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16 Apr 2007 : Column 306W—continued

Pupils: Absenteeism

Mr. Hollobone: To ask the Secretary of State for Education and Skills which five local education authorities have the (a) highest and (b) lowest unauthorised absence rates for secondary school pupils. [131012]


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Jim Knight: The answer to this request is shown in the following tables:

Five Local Authorities with the Lowest Rates of Unauthorised Absence
Local Authority( 1) Unauthorised Absence

London, City of

0.03

Isles of Scilly

0.21

Rutland

0.22

Harrow

0.27

East Riding of Yorkshire

0.32

(1) The figures by LA relate to maintained primary and secondary schools, excluding maintained special schools, academies and CTCs.

Five Local Authorities with the Highest Rates of Unauthorised Absence
Local Authority( 1) Unauthorised Absence

Tower Hamlets

1.61

Kingston upon Hull, City of

1.63

Bradford

1.66

Manchester

1.84

Greenwich

1.97

(1) The figures by LA relate to maintained primary and secondary schools, excluding maintained special schools, academies and CTCs.

Unauthorised absence is absence without leave from a teacher or other authorised representative of the school. This includes all unexplained or unjustified absences, such as lateness, holidays during term time not authorised by the school, absence where reason is not yet established and truancy.

Further information on pupil absence in schools can be found in the Statistical First Release, “Pupil Absence in Schools in England: 2005/06” which can be found at:

Sarah Teather: To ask the Secretary of State for Education and Skills (1) how many and what percentage of half days were missed due to unauthorised absences among pupils in the 10 per cent. of (a) primary and (b) secondary schools with the (i) highest and (ii) lowest levels of free school meal entitlement in (A) 2006 and (B) 1997; [131288]

(2) how many pupils recorded at least one half day of unauthorised absence in the 10 per cent. of schools with the (a) highest and (b) lowest levels of free school meal entitlement in (i) 2006 and (ii) 1997. [131297]

Jim Knight: The information requested can be provided only at disproportionate cost.

Pupils: Eyesight

Mr. Drew: To ask the Secretary of State for Education and Skills what discussions he has had with the Department of Health on (a) the Schools Medical Service and (b) eye checks for children. [130821]

Jim Knight: DfES Ministers have had no meetings with the DH on these topics. We have no plans to press for more eye screening in school-age children, because there is no evidence to support such a move.

Local health services must do one medical check at some point in childhood (usually around age four, not
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necessarily at school). These normally pick up any eye problems. In addition, DH provides free eye checks for children and recommends that parents take advantage of these if their child experiences a difficulty. We believe these measures are sufficient.

We suggest that teachers who have any cause for concern over a child's eyesight should raise these concerns with the parents/carers.

Pupils: Bullying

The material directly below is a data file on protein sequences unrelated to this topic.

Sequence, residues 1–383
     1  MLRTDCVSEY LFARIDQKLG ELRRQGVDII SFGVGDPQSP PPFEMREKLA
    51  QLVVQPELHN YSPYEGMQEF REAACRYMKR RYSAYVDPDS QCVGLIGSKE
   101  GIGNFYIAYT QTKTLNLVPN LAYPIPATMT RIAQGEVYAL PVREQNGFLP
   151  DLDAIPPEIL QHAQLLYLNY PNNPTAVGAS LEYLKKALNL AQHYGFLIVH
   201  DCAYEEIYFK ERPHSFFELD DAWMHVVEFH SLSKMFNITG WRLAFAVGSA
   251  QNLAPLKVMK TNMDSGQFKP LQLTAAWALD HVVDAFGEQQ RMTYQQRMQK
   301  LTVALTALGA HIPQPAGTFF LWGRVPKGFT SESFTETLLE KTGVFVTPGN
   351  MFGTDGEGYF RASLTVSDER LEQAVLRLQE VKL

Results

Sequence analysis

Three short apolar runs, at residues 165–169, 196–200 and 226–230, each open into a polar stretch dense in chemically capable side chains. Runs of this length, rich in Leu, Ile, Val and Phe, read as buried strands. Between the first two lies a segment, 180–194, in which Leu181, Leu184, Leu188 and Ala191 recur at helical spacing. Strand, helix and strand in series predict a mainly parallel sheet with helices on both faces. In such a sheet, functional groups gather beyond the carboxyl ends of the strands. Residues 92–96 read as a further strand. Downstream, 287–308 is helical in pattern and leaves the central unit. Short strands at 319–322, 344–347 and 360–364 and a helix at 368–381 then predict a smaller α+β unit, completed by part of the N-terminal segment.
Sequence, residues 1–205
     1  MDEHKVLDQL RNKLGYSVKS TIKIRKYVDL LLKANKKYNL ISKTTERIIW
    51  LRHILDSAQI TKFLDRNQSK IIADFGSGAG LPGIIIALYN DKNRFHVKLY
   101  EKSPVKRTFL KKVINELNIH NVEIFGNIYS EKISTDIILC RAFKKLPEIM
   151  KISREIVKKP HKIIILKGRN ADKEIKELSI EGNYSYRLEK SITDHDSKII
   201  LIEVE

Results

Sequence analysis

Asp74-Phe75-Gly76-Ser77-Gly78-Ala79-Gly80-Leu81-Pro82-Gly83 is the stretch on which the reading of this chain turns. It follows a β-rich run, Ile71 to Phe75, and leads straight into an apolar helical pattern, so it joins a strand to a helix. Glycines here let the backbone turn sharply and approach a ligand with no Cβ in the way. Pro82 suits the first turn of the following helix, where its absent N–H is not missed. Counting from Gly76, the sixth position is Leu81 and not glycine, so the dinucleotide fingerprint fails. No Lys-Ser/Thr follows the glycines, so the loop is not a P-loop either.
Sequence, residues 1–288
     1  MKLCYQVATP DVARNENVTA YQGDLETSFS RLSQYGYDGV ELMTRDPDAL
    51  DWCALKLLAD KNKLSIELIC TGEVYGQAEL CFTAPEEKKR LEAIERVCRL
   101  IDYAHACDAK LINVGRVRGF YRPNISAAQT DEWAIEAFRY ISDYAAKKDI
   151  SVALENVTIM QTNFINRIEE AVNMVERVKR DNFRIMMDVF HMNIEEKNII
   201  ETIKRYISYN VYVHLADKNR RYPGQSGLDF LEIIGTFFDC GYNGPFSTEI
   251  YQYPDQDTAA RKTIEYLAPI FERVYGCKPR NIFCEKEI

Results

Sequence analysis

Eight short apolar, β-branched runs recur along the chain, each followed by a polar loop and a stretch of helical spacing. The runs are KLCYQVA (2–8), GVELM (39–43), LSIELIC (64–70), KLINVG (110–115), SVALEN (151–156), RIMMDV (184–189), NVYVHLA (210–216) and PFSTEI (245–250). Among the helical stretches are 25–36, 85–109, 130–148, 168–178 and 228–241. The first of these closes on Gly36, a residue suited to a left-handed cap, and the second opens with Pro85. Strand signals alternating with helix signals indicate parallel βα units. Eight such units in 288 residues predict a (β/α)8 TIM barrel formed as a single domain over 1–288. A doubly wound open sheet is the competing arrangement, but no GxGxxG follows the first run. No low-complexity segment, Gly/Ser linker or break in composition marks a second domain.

Sarah Teather: To ask the Secretary of State for Education and Skills how much his Department has spent on anti-bullying measures since 1997. [131708]

Jim Knight: The figures for the anti-bullying strand of the Improving Behaviour and Attendance strategy, which is used centrally to support schools and local authorities in their anti-bullying work, are given as follows:

Spend on anti-bullying (£)

2002/03

184,000

2003/04

1,054,000

2004/05

1,613,000

2005/06

1,145,000

2006/07

1,400,000


Figures for earlier years are not available because the anti-bullying strand of behaviour work was not disaggregated. Other funding on behaviour and attendance may also have an effect on reducing bullying but is not used exclusively to combat bullying.

Schools: Clothing

Mr. Jim Cunningham: To ask the Secretary of State for Education and Skills what assessment his Department has made of the possible introduction of formal guidelines governing religious dress in schools. [129874]

Jim Knight [holding answer 28 March 2007]: The Department has not made an assessment of the possible introduction of formal guidelines on religious dress, as governing bodies determine school uniform and dress codes under powers conferred by the School Standards and Framework Act 1998. We issue non-statutory guidance to schools, reminding them of their responsibilities under the Human Rights Act 1998 and anti-discrimination legislation. The guidance also states that schools should be sensitive to pupil's cultural and religious needs and differences and must ensure that their uniform policies are fair and reasonable.

Schools: Complaints

Mr. Willetts: To ask the Secretary of State for Education and Skills what appeals process is in place for parents who wish to appeal against the (a) content and (b) operation of a school’s complaints procedure. [127414]

Jim Knight: Parents with concerns about the content and operation of a school’s complaints procedure can appeal to the Secretary of State. He has powers under
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Sections 496 and 497 of the Education Act 1996 to intervene in cases where a governing body has acted unlawfully or “unreasonably”, which is defined as conduct which no sensible authority or governing body, acting with due appreciation of its legal responsibilities, would have decided to adopt. Section 496 empowers the Secretary of State, where he is satisfied that a governing body has acted unreasonably with respect to the exercise of a power or the performance of a duty, to give such directions as to the exercise of the power or performance of duty as appear to him expedient.

Schools: Energy

Greg Mulholland: To ask the Secretary of State for Education and Skills what the average cost was of energy usage for an (a) primary school, (b) secondary school and (c) academy in 2005-06. [120895]